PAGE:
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A Dual Undergraduate/Graduate Course in Space Mission Failures

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2012 ASEE Annual Conference & Exposition


San Antonio, Texas

Publication Date

June 10, 2012

Start Date

June 10, 2012

End Date

June 13, 2012



Conference Session

Spacecraft Design Education

Tagged Division


Page Count


Page Numbers

25.41.1 - 25.41.12



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Paper Authors


Sanjay Jayaram Saint Louis University

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Sanjay Jayaram is an Associate Professor in the Aerospace and Mechanical Engineering Department of Saint Louis University. He obtained his Ph.D. degree in the area of mechanical engineering from University of Central Florida in 2004. He teaches control systems/mechatronics, space systems engineering and astronautics related courses as well as engineering sciences courses. He has published several peer reviewed journal and conference papers in these areas. His research areas are space systems, robust fault tolerant control, nonlinear control, adaptive control, small spacecraft design, high performance spacecraft components, mechatronics, real-time health monitoring, and diagnostic methodology.

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Michael A. Swartwout Saint Louis University

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Michael Swartwout is an Assistant Professor in aerospace and mechanical engineering at Parks College, Saint Louis University. He earned his Ph.D. in aeronautics and astronautics from Stanford University. As a graduate student, he led the development of the student-built satellite, Sapphire, which was launched in 2001. Starting at Washington University in St. Louis and continuing at Parks, Swartwout has been involved in four student missions on the space shuttle and numerous balloon-launched student experiments, as well as flights on NASA's Microgravity University. His student teams have been in five consecutive Air Force University Nanosat competitions, taking second place three times. Their next student satellite, COPPER, is slated to launch in June 2012 as part of NASA's ELANA-IV flight. Swartwout's research interests center on the design and operation of low-cost space systems.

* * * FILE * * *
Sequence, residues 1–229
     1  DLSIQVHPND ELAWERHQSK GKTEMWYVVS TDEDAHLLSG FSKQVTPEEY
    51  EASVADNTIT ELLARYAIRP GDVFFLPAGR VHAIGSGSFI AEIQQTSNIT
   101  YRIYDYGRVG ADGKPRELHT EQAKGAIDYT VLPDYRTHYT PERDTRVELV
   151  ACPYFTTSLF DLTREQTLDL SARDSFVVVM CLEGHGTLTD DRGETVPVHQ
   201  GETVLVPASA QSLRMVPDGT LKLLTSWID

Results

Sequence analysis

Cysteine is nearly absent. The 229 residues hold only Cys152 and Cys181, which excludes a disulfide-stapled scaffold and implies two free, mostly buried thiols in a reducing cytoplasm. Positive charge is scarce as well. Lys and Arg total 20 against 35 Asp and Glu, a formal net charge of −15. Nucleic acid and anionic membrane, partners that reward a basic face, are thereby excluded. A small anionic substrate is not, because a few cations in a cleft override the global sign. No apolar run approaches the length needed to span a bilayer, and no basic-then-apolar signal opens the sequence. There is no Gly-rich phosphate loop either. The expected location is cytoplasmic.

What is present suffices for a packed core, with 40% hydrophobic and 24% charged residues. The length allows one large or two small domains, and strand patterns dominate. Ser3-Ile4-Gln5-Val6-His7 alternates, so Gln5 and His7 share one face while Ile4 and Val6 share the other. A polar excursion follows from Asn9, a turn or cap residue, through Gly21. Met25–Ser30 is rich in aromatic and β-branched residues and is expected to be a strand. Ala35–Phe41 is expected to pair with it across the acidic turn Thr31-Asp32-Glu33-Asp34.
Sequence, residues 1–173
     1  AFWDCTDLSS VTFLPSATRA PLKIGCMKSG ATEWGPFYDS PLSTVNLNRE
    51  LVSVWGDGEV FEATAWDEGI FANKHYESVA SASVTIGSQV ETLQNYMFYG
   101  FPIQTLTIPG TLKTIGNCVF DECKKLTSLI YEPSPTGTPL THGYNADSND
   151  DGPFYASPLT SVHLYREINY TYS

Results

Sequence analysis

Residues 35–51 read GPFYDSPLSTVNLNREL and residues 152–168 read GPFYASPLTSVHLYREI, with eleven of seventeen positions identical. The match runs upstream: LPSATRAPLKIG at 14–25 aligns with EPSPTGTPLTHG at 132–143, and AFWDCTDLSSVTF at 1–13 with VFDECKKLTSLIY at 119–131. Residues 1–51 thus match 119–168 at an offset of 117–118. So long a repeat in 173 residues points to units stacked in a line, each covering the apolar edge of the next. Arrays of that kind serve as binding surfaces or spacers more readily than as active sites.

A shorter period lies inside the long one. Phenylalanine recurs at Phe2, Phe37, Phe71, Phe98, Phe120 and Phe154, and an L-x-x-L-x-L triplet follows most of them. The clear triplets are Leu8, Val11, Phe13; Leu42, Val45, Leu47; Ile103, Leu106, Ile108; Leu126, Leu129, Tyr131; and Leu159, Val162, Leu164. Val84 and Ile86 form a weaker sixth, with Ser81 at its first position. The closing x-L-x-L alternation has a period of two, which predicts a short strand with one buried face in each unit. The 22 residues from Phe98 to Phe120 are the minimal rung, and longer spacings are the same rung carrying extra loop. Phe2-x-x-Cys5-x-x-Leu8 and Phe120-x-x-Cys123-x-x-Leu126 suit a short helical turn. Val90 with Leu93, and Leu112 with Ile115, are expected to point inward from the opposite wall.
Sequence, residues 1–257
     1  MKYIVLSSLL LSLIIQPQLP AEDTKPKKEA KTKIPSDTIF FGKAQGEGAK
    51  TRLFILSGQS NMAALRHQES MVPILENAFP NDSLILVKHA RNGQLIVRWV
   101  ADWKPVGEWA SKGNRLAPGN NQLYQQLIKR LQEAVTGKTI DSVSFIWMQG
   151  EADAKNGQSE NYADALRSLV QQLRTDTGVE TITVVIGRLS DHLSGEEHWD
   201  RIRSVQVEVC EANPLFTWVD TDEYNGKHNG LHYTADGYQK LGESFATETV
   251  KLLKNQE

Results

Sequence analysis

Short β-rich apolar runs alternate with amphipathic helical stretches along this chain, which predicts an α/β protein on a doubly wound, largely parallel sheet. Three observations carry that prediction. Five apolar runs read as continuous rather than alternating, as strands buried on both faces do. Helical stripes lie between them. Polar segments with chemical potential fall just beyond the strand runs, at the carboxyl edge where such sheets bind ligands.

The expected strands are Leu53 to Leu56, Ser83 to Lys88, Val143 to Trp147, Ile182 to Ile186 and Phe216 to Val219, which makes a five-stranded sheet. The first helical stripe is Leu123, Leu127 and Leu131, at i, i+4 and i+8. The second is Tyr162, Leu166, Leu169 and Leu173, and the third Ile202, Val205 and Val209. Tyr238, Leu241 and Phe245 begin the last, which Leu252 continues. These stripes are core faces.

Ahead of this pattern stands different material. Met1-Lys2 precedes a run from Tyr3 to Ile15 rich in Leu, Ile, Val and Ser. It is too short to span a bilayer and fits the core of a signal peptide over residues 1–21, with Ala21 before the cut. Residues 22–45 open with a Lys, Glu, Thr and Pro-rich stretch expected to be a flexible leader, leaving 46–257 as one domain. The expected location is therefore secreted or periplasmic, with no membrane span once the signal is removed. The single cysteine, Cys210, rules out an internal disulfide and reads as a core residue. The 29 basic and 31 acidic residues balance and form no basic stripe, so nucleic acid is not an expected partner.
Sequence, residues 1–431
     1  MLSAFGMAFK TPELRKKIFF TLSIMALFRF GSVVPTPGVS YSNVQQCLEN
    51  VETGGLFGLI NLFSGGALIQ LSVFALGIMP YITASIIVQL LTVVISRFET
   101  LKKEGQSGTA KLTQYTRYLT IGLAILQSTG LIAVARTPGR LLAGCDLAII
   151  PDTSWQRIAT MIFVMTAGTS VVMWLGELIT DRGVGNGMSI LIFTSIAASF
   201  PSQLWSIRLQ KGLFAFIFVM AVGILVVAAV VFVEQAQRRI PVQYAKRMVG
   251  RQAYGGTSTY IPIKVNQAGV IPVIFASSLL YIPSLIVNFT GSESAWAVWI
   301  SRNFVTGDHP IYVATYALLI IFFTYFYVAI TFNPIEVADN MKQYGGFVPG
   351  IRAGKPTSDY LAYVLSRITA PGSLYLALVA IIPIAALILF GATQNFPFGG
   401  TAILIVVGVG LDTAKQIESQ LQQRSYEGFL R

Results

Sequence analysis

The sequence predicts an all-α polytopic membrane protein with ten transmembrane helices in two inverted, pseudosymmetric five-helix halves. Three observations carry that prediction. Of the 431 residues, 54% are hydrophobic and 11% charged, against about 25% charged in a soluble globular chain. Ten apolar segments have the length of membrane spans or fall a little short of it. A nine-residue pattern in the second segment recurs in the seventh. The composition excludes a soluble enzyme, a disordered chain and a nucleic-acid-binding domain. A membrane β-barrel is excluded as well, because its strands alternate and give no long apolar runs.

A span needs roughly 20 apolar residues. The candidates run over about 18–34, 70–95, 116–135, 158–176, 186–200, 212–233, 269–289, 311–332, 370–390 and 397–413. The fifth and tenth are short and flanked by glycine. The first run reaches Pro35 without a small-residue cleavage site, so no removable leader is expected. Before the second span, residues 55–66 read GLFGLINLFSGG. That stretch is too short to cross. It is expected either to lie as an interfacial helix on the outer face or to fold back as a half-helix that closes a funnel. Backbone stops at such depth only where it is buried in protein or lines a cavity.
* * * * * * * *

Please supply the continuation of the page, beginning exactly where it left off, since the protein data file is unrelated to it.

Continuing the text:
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A Dual Undergraduate/Graduate Course in Space Mission FailuresAbstractTeaching and learning about reasons for engineering failures offer students valuable insights and practicalexperience into the technical, project management, experimental, ethical, and professional issues facedby practicing engineers on a daily basis. Even though space missions and spacecraft systems are designedto operate in the presence of multiple failures, yet, occasionally, these systems will still fail spectacularly.The reasons for failure include incorrect design decisions, operator error, manufacturing defects, andlack of proper subsystem and system level integration and test. The odds of these failures occurring canbe significantly reduced through good systems engineering practice. But, in some cases, the verysystems engineering practices themselves directly contribute to the failure. The lessons learned fromsuccess and failures are a powerful aid to understanding, but it is very difficult to find appropriately-scoped projects that can supplement classroom activity.Faculty at Saint Louis University has created a candidate course in the area of space mission failures forundergraduate and graduate students. This dual undergraduate and graduate course was developed tointroduce the fundamentals of good systems engineering practice to space systems engineering students.This course introduces five heuristics of space mission failures, (1) understand the systems engineeringprocess, (2) Recognize and explain the tradeoffs between budget, schedule, performance and risk,including the consequences of these trades, (3) Identify the six categories of mission failure(environment, design, assembly, parts, operation and budget), (4) Use engineering documents and failurereports to classify mission failures by cause and type, and, (5) applying these principles to universityspacecraft development projects. A series of case studies in failures (rockets, spacecraft, rovers, etc.)was used to illustrate these principles and the new vulnerabilities they introduce.In this paper, we will outline our approach for teaching space mission failures by presenting thefundamental structure of the course with course objectives and various topics covered. The paper willalso present the student assessment as well as the course assessment and example case studiesdeveloped by the students.

Jayaram, S., & Swartwout, M. A. (2012, June), A Dual Undergraduate/Graduate Course in Space Mission Failures Paper presented at 2012 ASEE Annual Conference & Exposition, San Antonio, Texas. 10.18260/1-2--20801

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